Striking North Polar Map Featuring Detailed Vignettes of Whaling
Fine, old-color example of Hondius’ map of the North Polar regions, newly revised by Frederick De Wit (ca. 1676).
The map shows the geography of the globe from 50°N latitude. The seas between Tartary, in Asia, and Baffin Bay, in North America, are left open. However, all of the toponyms in northern Asia, Europe, and North America are named for explorers who hoped to chart just this area—they were in search of a navigable seaway between Europe and China.
Eastern Tartary is labeled as “incognita,” or unknown. The eastern shore of Nova Zemla is also unfinished, as is that of Spitsbergen. Rivers and lakes are included inland in Europe and Asia, perhaps suggesting a river-bound passage east.
Iceland is well-delineated, with Mount Hekla in mid-explosion. East of Ireland is a tiny island called “Brasil.” Hy Brasil was a wandering island thought to appear from time to time to sailors through the mist. The myth dates back to the Medieval period. Its existence was uncertain, but still plausible enough to include here.
Greenland, a huge island, has a snaking shoreline with the eastern and northern sections unfinished. Access to Baffin’s Bay is through the Davis Straits. A tiny inlet separates Greenland from North America; this area was perpetually iced over when Europeans encountered it in this period, making the geographic relationship between the landmasses unclear.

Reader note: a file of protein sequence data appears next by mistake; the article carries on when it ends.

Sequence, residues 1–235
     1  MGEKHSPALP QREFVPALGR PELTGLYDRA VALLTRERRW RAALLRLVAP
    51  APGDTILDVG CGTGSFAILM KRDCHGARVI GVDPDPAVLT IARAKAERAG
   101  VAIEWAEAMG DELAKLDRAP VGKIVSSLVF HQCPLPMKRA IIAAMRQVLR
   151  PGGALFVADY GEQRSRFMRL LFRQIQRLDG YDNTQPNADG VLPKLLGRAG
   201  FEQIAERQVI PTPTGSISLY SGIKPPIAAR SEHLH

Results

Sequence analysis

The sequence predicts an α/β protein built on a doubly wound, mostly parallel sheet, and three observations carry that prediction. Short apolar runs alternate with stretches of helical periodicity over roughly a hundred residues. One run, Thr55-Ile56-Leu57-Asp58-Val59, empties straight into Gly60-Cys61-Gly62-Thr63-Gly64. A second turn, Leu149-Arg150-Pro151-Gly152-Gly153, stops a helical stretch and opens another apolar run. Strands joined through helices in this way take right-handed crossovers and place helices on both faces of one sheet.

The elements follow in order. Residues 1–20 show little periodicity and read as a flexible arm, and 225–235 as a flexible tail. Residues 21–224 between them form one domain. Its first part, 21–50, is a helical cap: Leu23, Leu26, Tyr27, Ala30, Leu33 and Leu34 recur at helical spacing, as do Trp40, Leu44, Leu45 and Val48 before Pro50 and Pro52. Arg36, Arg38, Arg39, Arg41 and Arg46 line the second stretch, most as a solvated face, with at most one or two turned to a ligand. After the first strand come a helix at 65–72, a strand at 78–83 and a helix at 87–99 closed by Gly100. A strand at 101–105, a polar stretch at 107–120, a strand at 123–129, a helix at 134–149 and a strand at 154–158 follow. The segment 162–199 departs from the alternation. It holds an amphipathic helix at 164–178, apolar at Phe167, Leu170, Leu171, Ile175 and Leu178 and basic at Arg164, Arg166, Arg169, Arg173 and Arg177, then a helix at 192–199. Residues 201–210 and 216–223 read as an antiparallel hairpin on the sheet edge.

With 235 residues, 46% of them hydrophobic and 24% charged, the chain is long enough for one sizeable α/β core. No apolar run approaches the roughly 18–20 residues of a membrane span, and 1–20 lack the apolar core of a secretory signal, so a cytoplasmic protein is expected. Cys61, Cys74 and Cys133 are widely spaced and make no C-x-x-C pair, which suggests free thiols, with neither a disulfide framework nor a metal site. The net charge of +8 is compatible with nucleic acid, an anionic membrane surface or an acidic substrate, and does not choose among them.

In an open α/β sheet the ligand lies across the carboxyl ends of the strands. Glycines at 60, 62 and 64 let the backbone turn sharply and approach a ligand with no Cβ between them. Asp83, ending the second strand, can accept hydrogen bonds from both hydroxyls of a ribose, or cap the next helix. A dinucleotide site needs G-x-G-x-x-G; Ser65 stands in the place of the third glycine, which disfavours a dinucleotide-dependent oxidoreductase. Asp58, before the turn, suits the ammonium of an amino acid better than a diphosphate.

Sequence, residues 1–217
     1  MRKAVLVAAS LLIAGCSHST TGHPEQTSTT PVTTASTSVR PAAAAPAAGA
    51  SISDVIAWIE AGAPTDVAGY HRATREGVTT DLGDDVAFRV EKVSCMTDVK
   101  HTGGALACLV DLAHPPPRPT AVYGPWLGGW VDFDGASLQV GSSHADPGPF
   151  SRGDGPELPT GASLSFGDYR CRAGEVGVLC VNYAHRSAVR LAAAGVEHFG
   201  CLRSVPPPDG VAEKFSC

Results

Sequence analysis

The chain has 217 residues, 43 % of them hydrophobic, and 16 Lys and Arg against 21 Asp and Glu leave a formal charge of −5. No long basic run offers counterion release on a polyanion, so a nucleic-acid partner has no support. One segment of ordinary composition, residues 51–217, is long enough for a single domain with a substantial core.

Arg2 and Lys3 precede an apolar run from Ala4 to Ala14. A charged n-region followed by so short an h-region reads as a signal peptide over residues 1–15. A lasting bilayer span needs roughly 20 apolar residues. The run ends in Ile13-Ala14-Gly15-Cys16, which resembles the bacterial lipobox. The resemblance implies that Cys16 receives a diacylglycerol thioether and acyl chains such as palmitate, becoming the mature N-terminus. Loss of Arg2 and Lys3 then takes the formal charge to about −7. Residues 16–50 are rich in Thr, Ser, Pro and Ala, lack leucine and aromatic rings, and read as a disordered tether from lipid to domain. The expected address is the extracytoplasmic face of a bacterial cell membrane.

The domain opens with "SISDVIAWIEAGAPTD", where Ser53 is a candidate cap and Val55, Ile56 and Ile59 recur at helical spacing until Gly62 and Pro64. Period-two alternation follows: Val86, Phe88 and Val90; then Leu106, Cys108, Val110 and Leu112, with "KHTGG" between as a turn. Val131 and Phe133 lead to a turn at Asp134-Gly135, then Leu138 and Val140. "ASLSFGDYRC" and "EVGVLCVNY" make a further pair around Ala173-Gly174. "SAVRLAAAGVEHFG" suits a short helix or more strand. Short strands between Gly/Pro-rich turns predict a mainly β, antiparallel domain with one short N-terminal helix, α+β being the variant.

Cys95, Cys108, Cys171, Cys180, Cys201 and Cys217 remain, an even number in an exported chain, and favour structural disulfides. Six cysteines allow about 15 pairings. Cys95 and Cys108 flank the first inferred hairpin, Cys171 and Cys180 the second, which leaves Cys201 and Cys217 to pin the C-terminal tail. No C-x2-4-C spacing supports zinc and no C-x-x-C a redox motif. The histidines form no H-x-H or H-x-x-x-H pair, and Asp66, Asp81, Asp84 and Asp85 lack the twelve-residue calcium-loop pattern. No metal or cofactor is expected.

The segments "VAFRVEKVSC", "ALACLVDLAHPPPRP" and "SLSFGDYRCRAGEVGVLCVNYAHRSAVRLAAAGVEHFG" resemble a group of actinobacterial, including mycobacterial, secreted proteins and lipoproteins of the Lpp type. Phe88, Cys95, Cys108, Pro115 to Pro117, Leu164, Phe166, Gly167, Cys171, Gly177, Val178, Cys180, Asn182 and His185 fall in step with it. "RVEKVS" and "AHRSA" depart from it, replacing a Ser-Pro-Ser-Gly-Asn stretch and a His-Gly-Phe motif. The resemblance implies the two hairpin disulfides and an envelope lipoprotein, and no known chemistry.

Farther south is Hudson’s Bay; the names of Hudson, James, Button, and other explorers are the defining features of this area. James Bay—named for Thomas James who led an expedition to the area in 1631—has additional place names referenced in a key.
Two cartouches grace the map’s surface. One, near the North Pole, includes the title and maker. The other, in Tartary, was empty in early states of the map and later included the publishing information of Frederick de Wit.
The most alluring part of this map is the series of vignettes that surround the circular chart. All four corners show scenes of whaling and sealing. Men in masted ships send out smaller boats to pursue the animals. They harpoon the creatures, tow them ashore, and there process the meat and render the fat. These are meant to celebrate the burgeoning Dutch whaling industry at work on the eastern coast of Labrador; this is the first map to feature Dutch toponyms in that area.
History and states of the map
The map was initially published by Henricus Hondius. He wanted to create an updated map that departed from the four islands of Mercator’s conception of the North Pole. The proof state and a second state, both lacking the vignette decorations, appeared in English editions of Hondius’ atlas in 1636. In the German edition of the atlas, also published in 1636, the map appeared in a third state with the vignettes included.
Sources for the map included the aforementioned Thomas James. He also drew on Henry Briggs’ map of 1625. This foundational map of North America was included in Samuel Purchas’ voyage collection, Hakluytus Posthumus, or Purchas his Pilgrimes, one of the most well-known travel books ever published in English. It was the first to name Hudson’s Strait and Bay.
The plate was later used by Jan Jansson, who added his name to a fourth state. Frederick de Wit next acquired the plate, re-issuing it in ca. 1676. De Wit removed Jansson’s imprint (fifth state), added his own name (sixth state), and this was later shortened to “PER F.DE WIT” (seventh state).